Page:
It’s championship weekend here in the Southeastern swimming region, and our team is gathered for a weekend of racing and excitement. But a championship meet can be bitter-sweet, especially for seniors moving on to college and experiencing this with their team for the last time, so excitement isn’t the only feeling all of these swimmers are feeling. It’s important to understand the emotions your swimmer may be going through on the weekend of the big meet – excitement yes, but also anxiety, pressure, and even sadness – and how to help them through. Here are some of the common emotions I’ve seen (and experienced) and tips to help them process.
Sadness. You know that feeling when you get on the plane or in the car after a nice long relaxing vacation when it’s time to head home? It’s a sense of nostalgia coupled with a hint of dread – happy time is over, back to the real world. Swimmers go through this same experience at the end of a long season. They’ve bonded with their teammates day in and day out in practice, worked tirelessly all for that one weekend of racing and now, it’s over. Even if they crushed every race, you my have a swimmer cry all the way home. It’s hard when fun things are over, and also a lot of emotion to process. Help them focus on the excitement of what’s to come… long course season, summer league, or brand new friends and teammates in college.
Pressure. Just stepping into the facility itself can be overwhelming for swimmers, particularly if this is your swimmers first time at a big meet. The stands are packed, the warm-up pool is crowded, and the competition is tough. This is also the meet where they are expecting to see their best times of the season. It’s a lot. Do your best to stick to all the usual routines and treat it like any other swim meet. Does your swimmer have a special breakfast or snack or routine for getting the racing suit on? Help keep a sense of normalcy so they feel grounded among all the hype. Remind them that no matter where they are or how big the pool seems, it’s the same length they always race in.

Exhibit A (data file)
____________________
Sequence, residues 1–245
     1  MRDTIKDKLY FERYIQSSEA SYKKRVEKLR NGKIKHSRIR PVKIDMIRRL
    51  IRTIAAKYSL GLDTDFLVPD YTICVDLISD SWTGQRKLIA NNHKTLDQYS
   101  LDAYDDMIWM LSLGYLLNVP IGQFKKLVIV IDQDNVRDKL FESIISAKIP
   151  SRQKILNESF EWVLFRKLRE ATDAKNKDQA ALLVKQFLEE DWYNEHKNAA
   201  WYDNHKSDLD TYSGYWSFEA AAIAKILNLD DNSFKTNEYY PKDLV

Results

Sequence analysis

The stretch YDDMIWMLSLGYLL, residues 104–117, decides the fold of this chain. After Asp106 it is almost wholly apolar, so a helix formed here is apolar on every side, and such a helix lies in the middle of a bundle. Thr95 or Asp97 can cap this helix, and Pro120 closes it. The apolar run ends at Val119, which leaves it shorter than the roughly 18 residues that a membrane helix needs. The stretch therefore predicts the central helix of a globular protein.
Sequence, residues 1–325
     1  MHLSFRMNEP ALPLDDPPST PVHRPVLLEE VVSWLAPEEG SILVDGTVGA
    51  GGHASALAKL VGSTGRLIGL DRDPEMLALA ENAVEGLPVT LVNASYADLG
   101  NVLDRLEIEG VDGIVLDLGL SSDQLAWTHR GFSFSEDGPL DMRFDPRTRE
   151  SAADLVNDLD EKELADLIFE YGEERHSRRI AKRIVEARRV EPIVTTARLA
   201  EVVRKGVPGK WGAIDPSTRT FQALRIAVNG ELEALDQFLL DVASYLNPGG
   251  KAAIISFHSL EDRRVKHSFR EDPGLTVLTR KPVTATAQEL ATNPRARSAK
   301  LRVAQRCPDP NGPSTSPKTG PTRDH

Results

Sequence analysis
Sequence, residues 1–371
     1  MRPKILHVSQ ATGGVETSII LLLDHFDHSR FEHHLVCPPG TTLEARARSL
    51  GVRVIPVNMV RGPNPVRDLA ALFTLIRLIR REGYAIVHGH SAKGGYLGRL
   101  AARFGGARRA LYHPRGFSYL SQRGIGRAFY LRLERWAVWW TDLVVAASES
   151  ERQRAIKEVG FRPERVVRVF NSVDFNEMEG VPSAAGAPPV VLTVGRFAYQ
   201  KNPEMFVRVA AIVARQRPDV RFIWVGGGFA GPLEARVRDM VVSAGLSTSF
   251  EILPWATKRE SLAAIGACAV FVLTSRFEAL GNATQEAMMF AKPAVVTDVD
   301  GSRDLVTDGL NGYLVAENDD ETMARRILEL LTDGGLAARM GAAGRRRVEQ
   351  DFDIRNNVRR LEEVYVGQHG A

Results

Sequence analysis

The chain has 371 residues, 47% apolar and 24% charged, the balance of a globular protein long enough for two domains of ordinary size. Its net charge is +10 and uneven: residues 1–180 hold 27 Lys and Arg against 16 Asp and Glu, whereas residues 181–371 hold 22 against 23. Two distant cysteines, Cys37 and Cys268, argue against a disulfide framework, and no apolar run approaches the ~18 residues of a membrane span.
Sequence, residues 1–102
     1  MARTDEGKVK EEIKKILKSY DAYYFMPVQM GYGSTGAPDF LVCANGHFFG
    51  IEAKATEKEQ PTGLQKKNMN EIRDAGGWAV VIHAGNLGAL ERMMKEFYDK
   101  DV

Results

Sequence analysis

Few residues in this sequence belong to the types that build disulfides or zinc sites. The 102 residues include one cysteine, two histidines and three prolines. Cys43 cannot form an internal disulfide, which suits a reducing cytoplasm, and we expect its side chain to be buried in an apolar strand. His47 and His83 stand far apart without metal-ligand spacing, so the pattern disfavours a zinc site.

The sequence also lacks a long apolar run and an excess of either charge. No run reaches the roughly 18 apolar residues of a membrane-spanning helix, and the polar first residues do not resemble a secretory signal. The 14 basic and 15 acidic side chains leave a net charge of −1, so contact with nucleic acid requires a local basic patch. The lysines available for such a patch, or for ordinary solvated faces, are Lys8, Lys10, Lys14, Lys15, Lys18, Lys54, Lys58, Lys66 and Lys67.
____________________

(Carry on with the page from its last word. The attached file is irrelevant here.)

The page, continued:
Disappointment. A few weeks ago I wrote an article about times not being everything, but at a meet like this, their times will feel like everything to your swimmer. If the excitement and anticipation get to your swimmer and they don’t swim their best, focus on the other positive things about their race. Remind them that they’ve made it, they already have the times and got to this moment. Advise them to focus on racing and beating the person next to them, or winning their heat and their times will follow. If not, they can be proud that they raced as hard as they could and gave it everything. A best time is not the only thing that makes a successful race.
Anxiety/nervousness. This is a big one, especially for the younger age group swimmers. At a big meet, it’s common for a swimmer to draw energy from the room around them, and chances are everyone around them is nervous. I saw this yesterday during our first meet session… tears EVERYWHERE. If your swimmer is nervous about their race, encourage them to do something other than just sit on the pool deck and worry, like loosen up in the warm up/warm down pool. Cheering for their teammates is a great way to get them moving, excited, and focused on something other than their pre-race anxiety.
Of course, not every feeling will be negative! Hopefully your swimmer will also feel a tremendous sense of pride and accomplishment for making it to such a milestone meet. Above all, the meet should be fun. They should spend the weekend bonding as a team, cheering each other on, and helping each other through ups and downs. Good luck to all the fierce competitors out there…swim FAST!